Alice Cooper is a living legend of rock and roll and metal music. He has a vast catalog of music that stretches from the 60’s to today. He’s seen multiple changes to his style as his career went on. Starting with experimental sort of psychedelic rock, and transitioning into his own brand of shock rock, to the hybrid metal/rock styling he took on in the 80’s until now. Alice Cooper had a mega-hit album in 1989 with Trash. After the success of that album, Alice went back in the tank and got some more help from his vast array of friends. Hey Stoopid would be his next album to release in 1991.
The amount of people who guested on this album is staggering. Slash, Ozzy Osbourne, Vinnie Moore (of UFO), Joe Satriani, Steve Vai, Elvira Mistress of the Dark, Mick Mars, and Nikki Sixx would all add something to the album. The various guest helpers all add to the allure of this great Alice album. Hey Stoopid was less successful than Trash commercially and critically. I don’t usually give a crap about album sales though. If something is good to listen to, then it doesn’t matter how well it sold.
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Hey Stoopid Is Alice Cooper At His Best
Alice Cooper should ideally make you feel good listening to him. His 80’s/early 90’s work does that exactly. He should have the best parts of Marilyn Manson, Rob Zombie, and an edge. This album combines all of that with some killer singles like “Hey Stoopid” and “Feed My Frankenstein”. It also shows the softer side of Alice with songs like “Burning Our Bed” and “Die For You”. This album truly has it all for a fan of Alice Cooper.
“Hey Stoopid” Is More Inspirational Than You Think
“Hey Stoopid” tells about teenagers and at-risk people doing dangerous activities like suicide or drug use. It doesn’t preach about these, but it makes a great message about these things being impulsive and selfish. Depression and anxiety lead to temporary problems that can affect people their whole lives. Suicide is an impulsive solution to those issues.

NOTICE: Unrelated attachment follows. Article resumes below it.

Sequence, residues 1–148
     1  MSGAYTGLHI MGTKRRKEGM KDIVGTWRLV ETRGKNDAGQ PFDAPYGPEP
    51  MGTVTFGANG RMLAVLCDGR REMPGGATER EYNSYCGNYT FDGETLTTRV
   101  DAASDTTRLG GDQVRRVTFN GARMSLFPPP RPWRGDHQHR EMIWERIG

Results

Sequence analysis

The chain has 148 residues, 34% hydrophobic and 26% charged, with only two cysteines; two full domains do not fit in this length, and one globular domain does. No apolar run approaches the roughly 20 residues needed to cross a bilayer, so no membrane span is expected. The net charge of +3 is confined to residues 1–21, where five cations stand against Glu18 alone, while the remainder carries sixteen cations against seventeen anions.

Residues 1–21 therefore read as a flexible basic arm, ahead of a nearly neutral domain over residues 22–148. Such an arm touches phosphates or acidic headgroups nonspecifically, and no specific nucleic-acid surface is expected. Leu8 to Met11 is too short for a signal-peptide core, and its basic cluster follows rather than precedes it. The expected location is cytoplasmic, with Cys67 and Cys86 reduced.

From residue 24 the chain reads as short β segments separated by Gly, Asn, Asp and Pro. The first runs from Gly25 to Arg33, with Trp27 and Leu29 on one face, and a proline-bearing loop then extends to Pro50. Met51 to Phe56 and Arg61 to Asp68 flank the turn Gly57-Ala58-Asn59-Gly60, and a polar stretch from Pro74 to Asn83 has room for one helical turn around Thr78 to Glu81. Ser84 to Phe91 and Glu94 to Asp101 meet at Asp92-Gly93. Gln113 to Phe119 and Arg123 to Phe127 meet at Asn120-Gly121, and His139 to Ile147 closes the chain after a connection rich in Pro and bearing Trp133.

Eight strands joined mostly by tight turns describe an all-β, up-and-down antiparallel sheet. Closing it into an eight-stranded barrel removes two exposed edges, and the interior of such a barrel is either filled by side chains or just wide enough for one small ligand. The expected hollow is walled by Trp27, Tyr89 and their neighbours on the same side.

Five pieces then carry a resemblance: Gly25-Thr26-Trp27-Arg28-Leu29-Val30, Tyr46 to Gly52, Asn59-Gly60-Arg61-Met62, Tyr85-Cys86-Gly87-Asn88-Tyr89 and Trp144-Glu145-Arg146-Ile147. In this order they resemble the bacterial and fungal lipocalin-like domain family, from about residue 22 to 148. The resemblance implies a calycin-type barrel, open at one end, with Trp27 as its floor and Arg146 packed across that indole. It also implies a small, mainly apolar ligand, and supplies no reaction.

The story goes that Alice got a letter from a 14 year old fan before the making of this record. It went on about how the fan was depressed, had a lot of bad shit going on in their life, and they wanted to commit suicide. Alice’s response wasn’t to say “oh god, don’t do it” but to have more of a message of “don’t be crazy, what are you trying to do?”. It’s a message that’s not as harsh and likely leads to permanent change instead of temporary relief. Why throw away your life for some asshole that broke up with you, it’ll get better and your world is just beginning.
I know that people suffer from these issues everyday, this writer included, but Alice tells a good story with this song. It’s better to work through these issues than “put that pistol to your head”. Get out, see your friends, you’re not alone, don’t let that one asshole ruin your whole day. It’s a song that contains a more powerful message than the one on the surface and I love it. Ozzy Osbourne and Slash guest on this song.
Some More Hits From Hey Stoopid
The classic Alice Cooper character of Steven makes his return on Hey Stoopid. “Wind-Up Toy” wasn’t a single from the album but it remains a fan favorite. Anytime a band tells a story like this over the course of their career, I.E. Iron Maiden and Charlotte the Harlot. The character started in “Welcome To My Nightmare” and is continued here in a heartbreaking and tragic song. There are a bunch of fan-theories surrounding the character of Steven and whether or not the on-stage persona of Alice Cooper is him. That’s for you to figure out, but “Wind-Up Toy” is one of the best tracks on the album and closes the whole thing out.
Hey Stoopid is a callback to Alice’s earlier style of Love It To Death, except it takes it to a new audience and era of the late 80’s early/90’s sound. It’s probably the most aggressive that Alice Cooper has sounded in his career. Hey Stoopid is worth a listen for fans of Alice Cooper, young and old, and people who are just finding out about Alice, it’ll give you a great starting off point.
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